The subjects of Mary Borgman's larger-than-life charcoal portraits at Ann Nathan almost leap off the Mylar: her marks are forceful, and small details--like a cocked head--make each subject psychologically distinct. Formerly an interpreter for the deaf, Borgman has long been interested in physical expressions. Beginning at 18, she worked four summers at camps for disabled children. "Each kid had such odd quirks," she says. "I enjoyed figuring them out to know how to comfort and please them. One boy I could calm down only by flipping playing cards against his scalp. I was learning the same skills that I later used in my portraits, how to be sensitive to little cues in body language and subtleties of facial expression." She's been fascinated by American Sign Language since she first observed it as a girl: "It's visual and kinetic. You express with your whole body in a way that I can't do with words." Though she'd been drawing since early childhood, after graduating with a degree in graphic communication she married and stopped drawing, working at various jobs before enrolling in a two-year program in deaf communications.
Working in that field, Borgman says, "I became the personality and speaking style of the person I was translating, cold or warm or quiet or loud, in the way I spoke or signed. Once when I signed for a schizophrenic in a courtroom, by the end I was exhausted." Illness ended her career in 1989, after five years as an interpreter. It became more and more difficult to move her arms, "then it became so painful that I couldn't move my wrists," she says. "I couldn't cut my own food, and I had to sit with pillows under my arms or the weight of them was too painful." Briefly, she could barely move at all. After two years, she was diagnosed with fibromyalgia. Physical therapy helped, but she was depressed because she'd had to quit the job she loved: "My whole social life had been deaf people and interpreters. I couldn't speak to my friends anymore, because I couldn't sign." Encouraged to take a drawing class in 1995, she first worked with paper on the floor because she couldn't lift her arms, though soon she was able to draw upright for a few seconds at a time. Working in this way, she did a portrait based on a photo she took and won first prize in an art competition in Saint Louis, where she lives. Today the disease is under control, but she still tires easily.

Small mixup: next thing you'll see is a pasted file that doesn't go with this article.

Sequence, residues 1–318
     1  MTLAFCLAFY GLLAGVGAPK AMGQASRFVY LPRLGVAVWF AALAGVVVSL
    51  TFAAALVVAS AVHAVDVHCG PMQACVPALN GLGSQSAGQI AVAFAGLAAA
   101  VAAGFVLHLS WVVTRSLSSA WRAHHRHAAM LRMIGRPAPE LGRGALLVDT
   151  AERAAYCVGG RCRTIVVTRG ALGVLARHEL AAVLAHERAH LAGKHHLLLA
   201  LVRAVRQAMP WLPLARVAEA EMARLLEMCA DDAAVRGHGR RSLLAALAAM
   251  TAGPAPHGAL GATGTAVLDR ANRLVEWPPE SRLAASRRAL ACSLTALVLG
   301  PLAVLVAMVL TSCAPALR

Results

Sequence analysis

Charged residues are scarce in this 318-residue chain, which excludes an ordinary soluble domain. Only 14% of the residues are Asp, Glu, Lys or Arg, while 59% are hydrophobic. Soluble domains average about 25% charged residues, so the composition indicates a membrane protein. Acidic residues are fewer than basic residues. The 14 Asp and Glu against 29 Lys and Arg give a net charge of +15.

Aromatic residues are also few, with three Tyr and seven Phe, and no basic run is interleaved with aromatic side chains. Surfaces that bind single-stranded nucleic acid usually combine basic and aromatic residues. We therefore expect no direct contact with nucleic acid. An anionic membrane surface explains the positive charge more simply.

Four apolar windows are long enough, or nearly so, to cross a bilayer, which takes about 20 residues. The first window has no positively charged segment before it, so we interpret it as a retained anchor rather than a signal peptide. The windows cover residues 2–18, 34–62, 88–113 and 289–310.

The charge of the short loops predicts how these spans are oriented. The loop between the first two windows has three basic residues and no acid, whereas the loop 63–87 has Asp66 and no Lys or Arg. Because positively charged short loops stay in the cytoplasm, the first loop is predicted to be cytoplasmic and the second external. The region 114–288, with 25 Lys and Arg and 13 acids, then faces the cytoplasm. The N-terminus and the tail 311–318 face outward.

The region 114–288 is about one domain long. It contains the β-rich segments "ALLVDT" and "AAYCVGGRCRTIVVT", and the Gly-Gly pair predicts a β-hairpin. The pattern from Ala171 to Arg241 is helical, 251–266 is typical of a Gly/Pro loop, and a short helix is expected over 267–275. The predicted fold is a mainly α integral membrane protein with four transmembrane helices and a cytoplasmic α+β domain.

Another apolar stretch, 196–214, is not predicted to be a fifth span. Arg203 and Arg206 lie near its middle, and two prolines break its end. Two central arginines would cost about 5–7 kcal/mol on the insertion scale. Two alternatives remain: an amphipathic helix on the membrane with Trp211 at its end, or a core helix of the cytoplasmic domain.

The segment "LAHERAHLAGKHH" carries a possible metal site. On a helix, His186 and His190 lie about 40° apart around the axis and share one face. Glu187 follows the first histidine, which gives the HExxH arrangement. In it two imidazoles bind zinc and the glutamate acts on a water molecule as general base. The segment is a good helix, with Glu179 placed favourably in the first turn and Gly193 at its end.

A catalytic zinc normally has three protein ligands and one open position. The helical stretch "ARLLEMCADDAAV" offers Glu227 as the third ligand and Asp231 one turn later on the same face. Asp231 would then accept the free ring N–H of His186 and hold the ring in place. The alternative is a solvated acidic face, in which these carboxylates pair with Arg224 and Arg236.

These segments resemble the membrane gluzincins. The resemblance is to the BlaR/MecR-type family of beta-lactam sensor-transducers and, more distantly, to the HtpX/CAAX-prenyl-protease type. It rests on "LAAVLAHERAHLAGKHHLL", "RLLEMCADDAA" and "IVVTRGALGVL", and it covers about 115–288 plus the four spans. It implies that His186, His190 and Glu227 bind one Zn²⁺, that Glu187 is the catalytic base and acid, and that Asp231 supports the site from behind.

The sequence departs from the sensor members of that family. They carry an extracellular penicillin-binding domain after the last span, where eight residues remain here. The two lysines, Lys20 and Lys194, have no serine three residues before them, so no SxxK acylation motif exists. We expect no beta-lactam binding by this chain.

Most of Borgman's drawings are of attractive young men. "I've never been to a lecture where someone asks an older male artist why he's painting these gorgeous young women," she says. "A lot of women artists say, 'I paint women because I am a woman.' I say, 'I'm a straight woman and would rather look at a guy than a woman.'" Half her subjects are close friends, and half are strangers: "I look every day, everywhere I go. I can't say what it is that makes me think someone's beautiful, but I know it when I see it, and I only see it maybe three or four times a year." She requests a studio photo session and usually takes about 100 shots while an assistant moves the lights. "I'm trying to capture very specific shapes, shadows on the face and neck, verticals and horizontals and diagonals and shapes against shapes, as well as a deep interior intensity in the model." Each drawing is based on a single photo.
Borgman photographed the subject of Portrait of Tomiwa Alabi, a Nigerian man she spotted through a Starbucks window, from floor level because she thought he had a regal quality, then realized his hair reminded her of a crown. She wanted to portray the subject of Portrait of David Uy, a nursing student she met at Borders, "fiercely," but used small strokes blended delicately to convey his gentleness. She "stalked" her subject in Nati Zohar (Standing), a clerk at Whole Foods, for a month before approaching him. "He's very laid-back, but the way he holds one hand half clenched shows a little tension. I tried to line everything up, from his nose to the hemp rope hanging from his waist, to show his sturdy centeredness."
When: Through 5/27
Where: Ann Nathan, 212 W. Superior